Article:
There’s a high-bandwidth cable connecting that iPad or iPhone to your Mac. And yet … and yet, until recently, music apps treated that very connection as an impossible-to-cross canyon.
We already took a look at midimux, a tool that makes everything that speaks MIDI on an iOS gadget available to your Mac, and visa versa. That’s already cool. You can use a keyboard controller plugged into your Mac to play a soft synth on your iPad. You can sequence an instrument on your computer from an iPad step sequencer, with touch control. Hardware and desktop software and apps all work. This also means controller apps no longer need to use fidgety wireless connections. So long as they support MIDI, you can use a cable. (That’s important, as I’ve found ad-hoc networking has recently gotten even more unreliable – to use OSC, I’ve taken to carrying around a standalone wifi router.)
But it’s when you put MIDI together with audio that things get really interesting. In an exclusive first look, CDM gets the scoop on a video demo showing how it all works. (Okay, it’s an exclusive first look because I spent yesterday nagging the developers to shoot it and wouldn’t leave them alone until it was done. You’re welcome. And, uh — sorry, guys.)
With audiomux, you can pipe sound digitally in both directions between the Mac and iOS, with no loss in fidelity. That means you can finally take some interesting bits you’re working on in an iPad drum machine or synth or soundmaker and immediately pipe them into a session in your DAW – no futzing about with extra cables and interfaces. And you can go the other direction, too, making an iPad or iPhone a powerful mobile recording device for sampling or taking audio on the go or recording live or DJ sets.
There are other competing efforts to do the same thing as you see here – the basic underlying frameworks that make audiomux and midimux possible are available to everyone. But so far, I haven’t seen anything as complete as this solution. (MIDI LE, for instance, is cool and free, but it only offers comparatively limited connectivity.) The people behind midimux and audiomux are the same talented developers behind the likes of touchAble.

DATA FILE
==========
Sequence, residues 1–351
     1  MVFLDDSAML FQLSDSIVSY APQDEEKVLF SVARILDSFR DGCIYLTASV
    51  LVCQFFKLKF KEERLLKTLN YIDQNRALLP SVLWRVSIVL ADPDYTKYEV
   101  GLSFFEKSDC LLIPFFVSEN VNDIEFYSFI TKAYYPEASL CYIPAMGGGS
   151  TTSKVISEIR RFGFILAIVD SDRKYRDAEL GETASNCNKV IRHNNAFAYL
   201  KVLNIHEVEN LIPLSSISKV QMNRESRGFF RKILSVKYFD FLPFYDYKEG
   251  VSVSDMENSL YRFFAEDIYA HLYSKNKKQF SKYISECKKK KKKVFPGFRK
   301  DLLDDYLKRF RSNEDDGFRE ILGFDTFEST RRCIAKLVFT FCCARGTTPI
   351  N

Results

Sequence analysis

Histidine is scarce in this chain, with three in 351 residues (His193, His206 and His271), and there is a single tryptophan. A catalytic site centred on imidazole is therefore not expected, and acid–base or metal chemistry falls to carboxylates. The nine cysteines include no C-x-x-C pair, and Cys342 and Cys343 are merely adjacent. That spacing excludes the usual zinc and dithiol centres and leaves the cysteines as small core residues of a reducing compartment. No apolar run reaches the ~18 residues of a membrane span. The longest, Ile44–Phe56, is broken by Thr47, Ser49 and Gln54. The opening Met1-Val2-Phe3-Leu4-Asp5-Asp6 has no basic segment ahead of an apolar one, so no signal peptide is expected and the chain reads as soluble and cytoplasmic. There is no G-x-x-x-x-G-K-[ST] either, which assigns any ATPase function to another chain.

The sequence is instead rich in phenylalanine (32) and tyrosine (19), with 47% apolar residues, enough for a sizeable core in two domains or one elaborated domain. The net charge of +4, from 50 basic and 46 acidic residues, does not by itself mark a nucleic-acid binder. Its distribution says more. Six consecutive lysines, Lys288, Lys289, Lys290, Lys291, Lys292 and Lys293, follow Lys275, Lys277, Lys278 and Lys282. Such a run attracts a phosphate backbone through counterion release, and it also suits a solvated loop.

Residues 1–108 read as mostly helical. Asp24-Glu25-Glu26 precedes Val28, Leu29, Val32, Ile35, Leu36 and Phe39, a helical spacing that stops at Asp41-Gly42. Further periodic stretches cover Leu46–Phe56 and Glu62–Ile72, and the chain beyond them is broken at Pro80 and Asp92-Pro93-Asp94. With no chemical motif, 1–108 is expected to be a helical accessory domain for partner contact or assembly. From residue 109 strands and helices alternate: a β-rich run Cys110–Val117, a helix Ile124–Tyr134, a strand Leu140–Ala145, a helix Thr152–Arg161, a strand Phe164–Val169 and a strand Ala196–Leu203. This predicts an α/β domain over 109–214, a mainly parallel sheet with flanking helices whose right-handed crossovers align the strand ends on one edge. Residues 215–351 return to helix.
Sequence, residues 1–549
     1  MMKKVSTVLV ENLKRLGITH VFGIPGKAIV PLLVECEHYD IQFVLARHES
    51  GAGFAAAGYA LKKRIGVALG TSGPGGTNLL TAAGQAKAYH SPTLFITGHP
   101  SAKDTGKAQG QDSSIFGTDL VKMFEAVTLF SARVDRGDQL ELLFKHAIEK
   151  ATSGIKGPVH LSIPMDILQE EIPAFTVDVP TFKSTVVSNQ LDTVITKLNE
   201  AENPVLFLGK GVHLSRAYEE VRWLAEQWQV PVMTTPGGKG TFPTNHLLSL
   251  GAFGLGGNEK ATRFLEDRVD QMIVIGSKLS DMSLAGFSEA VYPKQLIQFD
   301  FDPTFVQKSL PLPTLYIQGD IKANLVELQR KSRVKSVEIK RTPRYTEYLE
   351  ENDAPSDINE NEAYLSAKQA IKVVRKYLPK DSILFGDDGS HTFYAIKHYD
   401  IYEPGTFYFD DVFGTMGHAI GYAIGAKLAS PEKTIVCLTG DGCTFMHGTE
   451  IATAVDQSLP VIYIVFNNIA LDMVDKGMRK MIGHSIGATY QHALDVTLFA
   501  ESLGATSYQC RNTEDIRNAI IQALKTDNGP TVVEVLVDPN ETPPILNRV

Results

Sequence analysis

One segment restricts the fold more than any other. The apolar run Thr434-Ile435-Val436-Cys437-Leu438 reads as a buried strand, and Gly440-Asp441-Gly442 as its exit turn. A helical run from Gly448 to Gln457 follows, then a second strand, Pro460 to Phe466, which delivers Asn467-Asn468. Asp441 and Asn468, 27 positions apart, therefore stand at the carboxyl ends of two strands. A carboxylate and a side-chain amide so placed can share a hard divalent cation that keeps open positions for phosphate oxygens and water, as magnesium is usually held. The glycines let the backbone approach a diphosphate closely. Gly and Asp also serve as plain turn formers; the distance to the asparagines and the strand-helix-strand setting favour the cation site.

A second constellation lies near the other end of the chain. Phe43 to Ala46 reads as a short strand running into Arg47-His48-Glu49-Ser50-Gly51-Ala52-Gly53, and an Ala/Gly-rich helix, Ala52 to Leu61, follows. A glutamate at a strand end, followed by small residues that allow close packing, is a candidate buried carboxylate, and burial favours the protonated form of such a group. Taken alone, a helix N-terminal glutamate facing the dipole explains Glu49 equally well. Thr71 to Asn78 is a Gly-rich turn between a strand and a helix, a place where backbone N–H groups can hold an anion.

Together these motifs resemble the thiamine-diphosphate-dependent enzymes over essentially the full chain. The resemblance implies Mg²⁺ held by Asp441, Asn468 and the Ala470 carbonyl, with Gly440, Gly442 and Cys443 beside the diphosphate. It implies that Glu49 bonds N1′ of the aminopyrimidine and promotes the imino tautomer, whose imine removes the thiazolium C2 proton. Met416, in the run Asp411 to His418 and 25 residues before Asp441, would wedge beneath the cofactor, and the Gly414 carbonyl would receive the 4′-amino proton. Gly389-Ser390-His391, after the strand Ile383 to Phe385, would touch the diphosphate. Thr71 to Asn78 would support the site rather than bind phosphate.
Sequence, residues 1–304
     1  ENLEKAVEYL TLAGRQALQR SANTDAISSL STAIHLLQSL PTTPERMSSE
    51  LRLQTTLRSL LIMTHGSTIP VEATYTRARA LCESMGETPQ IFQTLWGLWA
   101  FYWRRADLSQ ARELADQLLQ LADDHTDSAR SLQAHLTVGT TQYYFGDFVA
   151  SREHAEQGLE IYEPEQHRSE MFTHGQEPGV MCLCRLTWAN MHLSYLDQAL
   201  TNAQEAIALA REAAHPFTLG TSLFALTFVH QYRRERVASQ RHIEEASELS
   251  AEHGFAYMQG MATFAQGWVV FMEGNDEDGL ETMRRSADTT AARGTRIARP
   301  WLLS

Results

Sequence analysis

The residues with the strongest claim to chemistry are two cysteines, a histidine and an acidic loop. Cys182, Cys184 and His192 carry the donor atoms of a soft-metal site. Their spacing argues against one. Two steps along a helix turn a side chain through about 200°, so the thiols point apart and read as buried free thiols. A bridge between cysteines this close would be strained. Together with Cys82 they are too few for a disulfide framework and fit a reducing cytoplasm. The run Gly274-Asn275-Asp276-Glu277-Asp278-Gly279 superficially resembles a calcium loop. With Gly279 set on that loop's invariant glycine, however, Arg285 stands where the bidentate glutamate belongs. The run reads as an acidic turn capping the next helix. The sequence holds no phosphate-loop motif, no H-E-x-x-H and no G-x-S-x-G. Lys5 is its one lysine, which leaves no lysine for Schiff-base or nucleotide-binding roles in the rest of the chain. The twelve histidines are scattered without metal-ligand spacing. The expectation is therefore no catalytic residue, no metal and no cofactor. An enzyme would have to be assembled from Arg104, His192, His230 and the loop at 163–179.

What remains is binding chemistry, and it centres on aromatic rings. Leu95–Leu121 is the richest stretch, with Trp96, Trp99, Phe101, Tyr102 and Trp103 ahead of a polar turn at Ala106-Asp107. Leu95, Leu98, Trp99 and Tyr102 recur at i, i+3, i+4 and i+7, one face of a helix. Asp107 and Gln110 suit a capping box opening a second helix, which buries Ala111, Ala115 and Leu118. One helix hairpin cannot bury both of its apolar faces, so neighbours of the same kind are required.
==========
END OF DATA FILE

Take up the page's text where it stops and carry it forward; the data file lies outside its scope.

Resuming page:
And there are few disadvantages to using audiomux. Audio is extremely low latency. Audiobus compatibility means a whole host of apps become instantly inter-connected. And if you have more than one iOS gadget, each becomes a separate audio device, making a little studio of Apple stuff.
In each case, you only need the app on the device, plus a free server for Mac.
midimux is available now – it landed on the App Store this week:
midimux @ iTunes App Store
There’s good news about backwards compatibility for midimux, too. It works with iOS 5 and later devices and all the way back to Mac OS X 10.6. That means that this app could save older iOS gadgets from being discarded, by turning them into useful MIDI tools.
audiomux is currently awaiting Apple approval. It’s requirements are necessarily more stringent, but the developers are still supporting systems back to iOS 7 and OS X 10.7.
Individually, they’re US$9.99, but when audiomux becomes available you’ll be able to get the bundle for $14.99.
Scratch that! Price drop!
Buy midimux now at US$9.99, and get audiomux free.
US$9.99 for the bundle once audiomux is out. (Or U$6.99 for each individually.)
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